2) Increase mobile search traffic via better SEO

The other SEO management consideration is that by managing a single SEO campaign, you can save time and money since it’s much easier than attempting to successfully manage two sites with two separate SEO campaigns. In order to meet the needs for mobile-specific keywords, there is no reason why these local keywords can’t be incorporated into a responsive design site as well. It's that simple.

3) Reduce your bounce rate

There is no question that a slow loading site contributes to high bounce rates when load speeds aren't as fast as people expect because people are impatient. A slow loading site does not contribute to making your visitors feel comfortable, and a lot of them simply won't wait. Use best industry practices

One of the steps you can take to reduce bounce rates is to use personalized content that does not overwhelm visitors. The saying Less is More applies here.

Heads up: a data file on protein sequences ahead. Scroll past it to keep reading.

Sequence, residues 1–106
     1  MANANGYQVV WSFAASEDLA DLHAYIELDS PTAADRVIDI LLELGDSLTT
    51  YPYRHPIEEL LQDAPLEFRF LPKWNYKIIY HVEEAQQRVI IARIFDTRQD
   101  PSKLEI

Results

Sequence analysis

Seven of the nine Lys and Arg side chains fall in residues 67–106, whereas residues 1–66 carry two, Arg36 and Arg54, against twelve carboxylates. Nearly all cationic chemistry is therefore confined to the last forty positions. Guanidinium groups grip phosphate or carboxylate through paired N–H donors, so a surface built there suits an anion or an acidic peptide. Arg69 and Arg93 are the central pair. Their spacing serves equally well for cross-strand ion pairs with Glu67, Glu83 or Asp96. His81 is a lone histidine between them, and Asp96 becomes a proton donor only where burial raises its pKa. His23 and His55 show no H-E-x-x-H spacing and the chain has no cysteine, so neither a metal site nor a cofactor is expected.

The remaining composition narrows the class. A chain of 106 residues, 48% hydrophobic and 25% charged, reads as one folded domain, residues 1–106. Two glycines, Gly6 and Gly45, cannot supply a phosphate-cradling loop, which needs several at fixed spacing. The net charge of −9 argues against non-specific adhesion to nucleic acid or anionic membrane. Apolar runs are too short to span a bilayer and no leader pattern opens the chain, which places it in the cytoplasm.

The best approach is to create content that will cater to visitors and deliver what they are hoping to find without content overload. Personalization can help to achieve that goal. Make it easy for them to find what they’re seeking in a relaxed and comfortable manner.

4) Increase mobile conversion rates

Websites that are designed solely for mobile devices have a number of shortcomings such as the lack of advanced navigational techniques found in traditional websites. Since this type of site is strictly for mobile use, the user must make it a point to keep track of two separate website addresses for your website. In today’s business climate, the vast majority of people are busy and since a mobile only site can easily become inconvenient for many people, they may simply decide to look for another source of information that might include a competitor’s site. It's simply not worth the risk of making things difficult and inconvenient for the user.

5) Consolidate web analytics

Google Analytics is now tracking load speeds, so take advantage of that information. Remember that the license and data-collection model of an analytics solution often has more to do with relevance to your requirements than functionality.
* Avoid landing page redirects* Enable compression* Improve server response time* Leverage browser caching* Optimize images

6) Reduce development costs